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|Exploring the dynamics of social capital in the sustainability of induced community based organisations in Nepal
|Adhikari, Krishna Prasad
|Community Based Organisations--Nepal
|There has been since 1990 a massive rise in the inducement of community based organisations (CBOs) by development agencies in Nepal. However, there is a lack of knowledge about the prevalence, the level of sustainability and factors contributing to the sustainability of CBOs. Through an investigation of the role of social capital, this study aims to address these issues and contribute to greater understanding of the sustainability of CBOs in Nepal. Field research conducted in Nepal in 2004/2005 involved collection and analysis of quantitative and qualitative data from two level: micro and macro, and for three units of analysis: individual, group and village. Using semi-structured interview, group discussion, document analysis and observation through exploratory and in depth study, information was gathered from 94 households and 129 CBOs from 14 villages of two VDCs in Southern Nepal. Macro level data were collected through a survey with 39 leading community mobilising agencies in Nepal. The study shows that group inducement is rising fast, but the sustainability aspect has been an ignored dimension. Findings show a general tendency in the dynamics of groups to shrink in membership, activities, participation and resources over the time period of their existence. Although the utility function of the groups, and good governance and management in the groups explain the success and failure of the groups, the study shows that these are not sufficient conditions to sustain the groups. The local social organisation equally matters. The study shows that social capital can be both a positive and negative force affecting collective action and sustainability of CBOs. Social capital and its downside coexist and there is constant interplay between them. Research identifies major problems including rule breaking with impunity and elite capture of resources. The transition phase from external to internal management of CBOs is particularly vulnerable period which is neglected by agencies. The thesis concludes that while development agencies play an important role in inducing and sustaining CBOs, they also need to address the complex issue of social capital and its downside.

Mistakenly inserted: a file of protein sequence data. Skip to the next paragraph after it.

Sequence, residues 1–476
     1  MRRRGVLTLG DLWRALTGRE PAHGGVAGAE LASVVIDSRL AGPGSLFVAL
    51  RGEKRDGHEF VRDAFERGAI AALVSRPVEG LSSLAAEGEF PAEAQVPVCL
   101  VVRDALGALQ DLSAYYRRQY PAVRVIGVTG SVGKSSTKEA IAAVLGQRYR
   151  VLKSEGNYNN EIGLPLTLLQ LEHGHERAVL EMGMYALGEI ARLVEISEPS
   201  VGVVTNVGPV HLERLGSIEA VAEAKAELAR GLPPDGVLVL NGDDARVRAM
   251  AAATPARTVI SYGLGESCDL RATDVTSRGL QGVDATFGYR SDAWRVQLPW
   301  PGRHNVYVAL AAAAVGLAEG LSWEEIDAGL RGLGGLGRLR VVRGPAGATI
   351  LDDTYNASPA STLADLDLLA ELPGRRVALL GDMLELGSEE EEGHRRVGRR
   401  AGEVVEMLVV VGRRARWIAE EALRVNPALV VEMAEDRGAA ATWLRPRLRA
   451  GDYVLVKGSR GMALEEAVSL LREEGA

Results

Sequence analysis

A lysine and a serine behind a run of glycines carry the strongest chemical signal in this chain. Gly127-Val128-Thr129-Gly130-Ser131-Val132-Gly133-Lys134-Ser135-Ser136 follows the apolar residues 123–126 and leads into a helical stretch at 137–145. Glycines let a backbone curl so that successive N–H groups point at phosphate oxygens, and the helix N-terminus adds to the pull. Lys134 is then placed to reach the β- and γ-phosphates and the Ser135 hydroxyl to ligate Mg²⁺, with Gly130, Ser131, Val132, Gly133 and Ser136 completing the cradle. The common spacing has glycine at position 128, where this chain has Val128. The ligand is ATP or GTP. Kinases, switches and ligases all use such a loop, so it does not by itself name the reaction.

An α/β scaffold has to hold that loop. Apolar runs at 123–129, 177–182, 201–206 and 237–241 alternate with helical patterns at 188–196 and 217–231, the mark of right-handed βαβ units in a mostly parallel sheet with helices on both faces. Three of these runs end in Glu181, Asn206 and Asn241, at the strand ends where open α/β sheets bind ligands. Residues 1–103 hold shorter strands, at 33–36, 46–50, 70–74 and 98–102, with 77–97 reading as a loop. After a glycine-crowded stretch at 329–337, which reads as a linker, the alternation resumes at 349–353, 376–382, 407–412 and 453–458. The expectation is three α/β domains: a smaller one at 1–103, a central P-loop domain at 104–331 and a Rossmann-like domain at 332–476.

|Thesis submitted for degree of Doctor of Philosophy, the University of Reading, International and Rural Development Department, 2006.
|Appears in Collections:
|300 Social sciences
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